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IconNovember 19th, 2022
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Why Don’t Planes Use Reverse Thrust to Push Back?

The first movement of any airplane when it departs the airport is to push back. Yet, airplanes don’t use the engines’ power to do this; instead, tugboats are used. Why wouldn’t airlines save on fuel and travel costs?

What is reverse thrust?

At takeoff and landing, a plane’s engines can use reverse thrust mode. This mode helps to slow down the aircraft by acting against its forward travel. To explain this process on a basic level, air is “sucked” into the engines and then ejected in new openings on the aircraft’s sides that “reverse” the movement. One of the most frightening consequences of reverse thrust deployment on an aircraft is when an airplane takes off from somewhere other than its destination airport. On May 26, 1991, the Lauda Air Flight 004 took off from Bangkok to Vienna for a ten-hour voyage. After five minutes of flight, a yellow light warned that a possible system failure may cause the airplane’s number-one engine to deploy. A few minutes later, however, the number-one engine reverser deployed and sent the aircraft into a steep left dive, killing all 233 passengers and crew on board. Reverse thrust is only used to help an aircraft slow down after landing. But can reverse thrust be used for other purposes, such as reversing an aircraft from a stationary position? And, if so, why does an airline use a tug instead of reverse thrust to push the plane back? Reverse thrust requires an operator, takes time to connect the aircraft, and another item that could break down.

Historical examples of self-powered pushbacks:

According to the video below, some aircraft were permitted to perform a ‘power back’ on departure in the 70s and ’80s. In 2006, a carrier such as AirTran, American and Northwest reportedly performed this maneuver as well. This video depicts an aircraft from the McDonnell Douglas MD-80 family with tail-mounted engines. While reverse thrust pushbacks predominantly involved these aircraft, power backs with Boeing 737, 757, and Lockheed L-1011 were not out of bounds for these types of planes either. These carriers include American and Eastern Air Lines.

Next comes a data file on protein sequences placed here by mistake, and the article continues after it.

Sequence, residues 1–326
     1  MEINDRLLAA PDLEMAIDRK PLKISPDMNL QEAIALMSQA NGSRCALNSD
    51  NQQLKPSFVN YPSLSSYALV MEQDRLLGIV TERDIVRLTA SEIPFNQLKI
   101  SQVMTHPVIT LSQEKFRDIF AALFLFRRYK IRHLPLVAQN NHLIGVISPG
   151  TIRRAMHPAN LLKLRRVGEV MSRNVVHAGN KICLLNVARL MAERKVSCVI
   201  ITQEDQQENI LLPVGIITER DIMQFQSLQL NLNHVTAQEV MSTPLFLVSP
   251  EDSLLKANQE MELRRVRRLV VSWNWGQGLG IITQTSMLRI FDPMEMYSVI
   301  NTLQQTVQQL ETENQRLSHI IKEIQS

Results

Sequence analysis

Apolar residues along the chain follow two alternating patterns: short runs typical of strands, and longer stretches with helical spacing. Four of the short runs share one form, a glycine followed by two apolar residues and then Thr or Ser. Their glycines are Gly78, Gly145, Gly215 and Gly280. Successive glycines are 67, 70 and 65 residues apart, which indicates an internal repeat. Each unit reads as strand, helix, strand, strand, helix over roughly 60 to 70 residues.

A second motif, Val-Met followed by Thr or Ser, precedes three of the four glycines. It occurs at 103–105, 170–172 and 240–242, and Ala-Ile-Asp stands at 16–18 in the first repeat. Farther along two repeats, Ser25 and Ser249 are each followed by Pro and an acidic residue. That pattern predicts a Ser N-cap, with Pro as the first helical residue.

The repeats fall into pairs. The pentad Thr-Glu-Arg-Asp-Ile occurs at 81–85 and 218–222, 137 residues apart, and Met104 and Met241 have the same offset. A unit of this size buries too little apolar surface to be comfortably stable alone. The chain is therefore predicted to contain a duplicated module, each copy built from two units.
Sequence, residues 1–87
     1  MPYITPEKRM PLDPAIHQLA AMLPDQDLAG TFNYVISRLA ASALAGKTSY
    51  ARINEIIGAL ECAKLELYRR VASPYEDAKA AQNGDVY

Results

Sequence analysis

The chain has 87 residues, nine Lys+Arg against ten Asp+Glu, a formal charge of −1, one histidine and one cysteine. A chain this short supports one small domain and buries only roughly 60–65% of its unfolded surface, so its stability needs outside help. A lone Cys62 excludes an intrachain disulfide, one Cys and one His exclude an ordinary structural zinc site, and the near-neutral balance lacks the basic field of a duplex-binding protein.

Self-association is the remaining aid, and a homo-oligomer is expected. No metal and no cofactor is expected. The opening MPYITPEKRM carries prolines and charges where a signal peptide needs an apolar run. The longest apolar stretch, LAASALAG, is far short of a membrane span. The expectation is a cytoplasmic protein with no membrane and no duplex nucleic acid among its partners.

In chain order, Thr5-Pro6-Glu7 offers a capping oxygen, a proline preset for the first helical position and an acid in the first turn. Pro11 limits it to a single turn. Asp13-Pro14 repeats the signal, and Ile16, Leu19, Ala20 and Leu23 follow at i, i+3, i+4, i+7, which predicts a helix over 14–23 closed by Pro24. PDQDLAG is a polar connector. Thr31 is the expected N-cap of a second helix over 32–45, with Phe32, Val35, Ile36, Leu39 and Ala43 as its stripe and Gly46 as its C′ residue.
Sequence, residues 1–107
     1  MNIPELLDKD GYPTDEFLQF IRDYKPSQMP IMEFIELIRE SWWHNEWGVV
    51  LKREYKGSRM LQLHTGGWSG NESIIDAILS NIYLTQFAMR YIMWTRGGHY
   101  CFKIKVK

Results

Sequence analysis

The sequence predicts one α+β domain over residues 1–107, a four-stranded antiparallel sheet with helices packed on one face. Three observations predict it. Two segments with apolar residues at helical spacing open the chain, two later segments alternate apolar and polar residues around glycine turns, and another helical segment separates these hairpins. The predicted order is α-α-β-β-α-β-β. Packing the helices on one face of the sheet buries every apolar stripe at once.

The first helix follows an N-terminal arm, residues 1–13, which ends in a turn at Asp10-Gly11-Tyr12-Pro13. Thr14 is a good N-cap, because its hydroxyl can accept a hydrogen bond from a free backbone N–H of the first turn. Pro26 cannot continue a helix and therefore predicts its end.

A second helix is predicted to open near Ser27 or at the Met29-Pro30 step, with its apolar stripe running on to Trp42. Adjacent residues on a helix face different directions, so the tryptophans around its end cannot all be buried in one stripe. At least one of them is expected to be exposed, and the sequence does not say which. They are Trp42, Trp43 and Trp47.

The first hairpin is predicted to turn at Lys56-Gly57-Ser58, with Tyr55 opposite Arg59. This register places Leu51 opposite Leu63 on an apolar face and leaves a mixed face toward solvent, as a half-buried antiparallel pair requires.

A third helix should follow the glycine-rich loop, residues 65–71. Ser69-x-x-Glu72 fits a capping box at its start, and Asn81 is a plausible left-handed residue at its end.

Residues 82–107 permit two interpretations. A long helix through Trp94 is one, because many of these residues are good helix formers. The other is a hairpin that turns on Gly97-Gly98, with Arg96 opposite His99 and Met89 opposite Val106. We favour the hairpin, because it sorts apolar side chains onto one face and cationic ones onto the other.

Reasons why you should use reverse thrust at the gate

In theory, reverse thrust at the gate is an effective way to push the airplane back. However, there are many reasons why it’s not a good idea. For example, some aircraft are banned from doing so because of the risks involved. While it may be possible in theory, there are too many things that can go wrong with this practice, like accidents and injury. To prevent this situation from happening, you should avoid activities that will stir up debris near the aircraft. Make sure to clear the area and stay away from ground vehicles and the aircraft and anyone standing near it. The removal of debris can make all of these things safer and more efficient. When you have lots of items for your engine, it can impact how your equipment is organized. This could result in some items being ‘sucked’ into the engine itself. This could be expensive engine parts or even tools if they’re not secured properly. The operation on the power system of an aircraft is another reason why stakeholders have been opposing noise pollution. Not only do they cause an abundance of fuel consumption, but they are also very loud. Outlining this issue comes down to the bottom line for many stakeholders because it can often create additional costs for airlines and airports to cover with noise-pollution regulations. Pilots in aircraft are not able to see behind them, which means they will always need a spotter on the ground. This doesn’t negate the point of doing a movement without any help. Airport workers won’t be using aeronautical equipment to help push aircraft due to safety concerns. Instead, they’ll continue the current process of pushing aircraft back with manpower until more technology becomes available and can allow them to deploy reverse thrust.  

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